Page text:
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How is the Federal Government Funded? Who writes the checks for an approximate $3.7 trillion annual budget? When does the funding for each budget take effect? The federal budgeting process is extremely complicated. Fortunately, there are resources available to help navigate these complex processes.

McKeon Group works tirelessly to help our clients navigate through the complex annual federal budgeting process, and in our last newsletter, we presented a few ideas as to the best way to get your message in front of the federal government. In this newsletter, we present a short summary in federal budgeting—the writing of checks by Congress to fund the federal government for the next year.

Congress handles federal funding in annual authorization bills and appropriations bills. Authorization bills establish, continue, or modify agencies or programs. Appropriations bills provide the funding for respective agencies and authorized programs.

Regular appropriations bills provide funding for the fiscal year beginning October 1st and must be enacted by that date, or Congress is forced to pass either a collective OMNIBUS appropriations measure or continuing resolutions (CRs) to carry on federal funding. Without appropriations funding, a partial federal government shutdown can result.

Each year, Congress undertakes the congressional appropriations process to consider 12 different federal appropriations measures providing discretionary funding to the federal agencies.

The jurisdiction of Appropriations measures resides in the House and Senate Appropriations Committees, and each of the appropriations bills provides specific funding to respective agencies and activities; national defense, transportation, and homeland security are a few examples. Discretionary spending accounts for approximately 34 percent of total federal funding, and more than 60 percent resides under mandatory spending.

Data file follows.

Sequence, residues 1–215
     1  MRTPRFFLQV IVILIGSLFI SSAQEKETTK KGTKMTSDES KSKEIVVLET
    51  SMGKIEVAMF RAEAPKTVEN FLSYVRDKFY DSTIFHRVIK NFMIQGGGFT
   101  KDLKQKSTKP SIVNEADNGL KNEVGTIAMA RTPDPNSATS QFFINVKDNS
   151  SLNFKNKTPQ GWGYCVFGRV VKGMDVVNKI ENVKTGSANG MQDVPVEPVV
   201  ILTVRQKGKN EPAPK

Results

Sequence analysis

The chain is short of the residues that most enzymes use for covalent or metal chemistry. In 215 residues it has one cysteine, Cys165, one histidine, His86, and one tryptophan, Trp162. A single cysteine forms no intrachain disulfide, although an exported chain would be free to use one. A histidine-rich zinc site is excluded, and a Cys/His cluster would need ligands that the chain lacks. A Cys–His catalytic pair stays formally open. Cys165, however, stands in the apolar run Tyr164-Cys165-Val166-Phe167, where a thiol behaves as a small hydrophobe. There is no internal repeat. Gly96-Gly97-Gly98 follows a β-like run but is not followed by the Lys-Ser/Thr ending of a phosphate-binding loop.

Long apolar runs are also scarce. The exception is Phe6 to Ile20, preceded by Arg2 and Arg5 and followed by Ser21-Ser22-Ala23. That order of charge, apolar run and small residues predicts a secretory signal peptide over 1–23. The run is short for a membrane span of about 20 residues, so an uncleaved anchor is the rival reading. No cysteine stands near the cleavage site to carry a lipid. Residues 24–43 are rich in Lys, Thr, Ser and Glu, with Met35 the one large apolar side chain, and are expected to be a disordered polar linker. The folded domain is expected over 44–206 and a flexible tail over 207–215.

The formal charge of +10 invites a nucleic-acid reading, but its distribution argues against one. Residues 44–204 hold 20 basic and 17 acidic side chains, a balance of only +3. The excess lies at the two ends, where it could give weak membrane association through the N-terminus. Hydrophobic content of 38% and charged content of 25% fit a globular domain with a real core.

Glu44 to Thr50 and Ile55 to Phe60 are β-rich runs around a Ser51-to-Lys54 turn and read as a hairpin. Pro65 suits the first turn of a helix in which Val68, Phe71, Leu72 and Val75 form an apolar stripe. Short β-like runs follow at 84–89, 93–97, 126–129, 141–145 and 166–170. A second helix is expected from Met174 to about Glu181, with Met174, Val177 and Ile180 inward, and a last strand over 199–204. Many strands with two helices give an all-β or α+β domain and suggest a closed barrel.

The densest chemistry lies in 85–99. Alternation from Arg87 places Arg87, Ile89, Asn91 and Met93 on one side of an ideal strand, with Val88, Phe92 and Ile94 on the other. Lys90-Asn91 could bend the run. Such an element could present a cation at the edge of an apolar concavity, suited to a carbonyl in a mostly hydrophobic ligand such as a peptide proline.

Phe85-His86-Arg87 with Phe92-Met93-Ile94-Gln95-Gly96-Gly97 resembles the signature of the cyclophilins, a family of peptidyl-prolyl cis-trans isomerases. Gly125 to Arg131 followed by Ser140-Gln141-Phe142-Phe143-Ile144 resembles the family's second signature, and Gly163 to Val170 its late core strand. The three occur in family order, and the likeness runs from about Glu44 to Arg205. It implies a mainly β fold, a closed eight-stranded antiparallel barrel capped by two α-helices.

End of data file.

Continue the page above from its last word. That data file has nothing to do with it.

Federal agencies work on their next fiscal year budget submissions throughout the Summer and Fall, and the Office of Management of Budget (OMB) negotiates the final numbers to reflect administration priorities over the Winter.

The next fiscal year annual appropriations budget cycle begins, by law, on the first Monday in February, with the submission of the President’s budget. Then, by law, the House and Senate Budget Committees debate the annual revenue and spending targets and remedy any differences in a budget resolution by April 15th.

Typically, House and Senate Authorizations and Appropriations Committees, and their respective subcommittees, begin budget posture hearings in February to debate the president’s budget and programs. Appropriations Committees and their respective subcommittees receive procedural limits (302(a) and 302(b) allocations) on the total amount of budget authority for the upcoming fiscal year and set about to draft resulting appropriations legislation.

Usually by late Spring or early Summer, the committees have completed their hearings and begin markups on the individual appropriations bills in committee. The full House and Senate debate each of the spending bills on the respective House or Senate floor, and floor debates could last days or weeks depending on procedural rules and the number of amendments.

The timeline to the budget posture cycle is of key importance, as the best time to influence a federal budget is while it is being debated and deliberated, or even earlier when the federal agencies are beginning their budget work, and McKeon Group’s relationships and expertise proves invaluable in navigating our clients through those rocky shoals.


To learn more about the federal budgeting process, please see the Congressional Research Service (CRS) reports below—or feel free to contact McKeon Group.

Overview of the Authorization-Appropriations Process

http://www.senate.gov/CRSReports/crs-publish.cfm?pid=%270DP%2BPLW%3C%22%40%20%20%0A

The Congressional Appropriations Process: An Introduction

http://www.senate.gov/CRSReports/crs-publish.cfm?pid=%260BL%2BP%3C%3B3%0A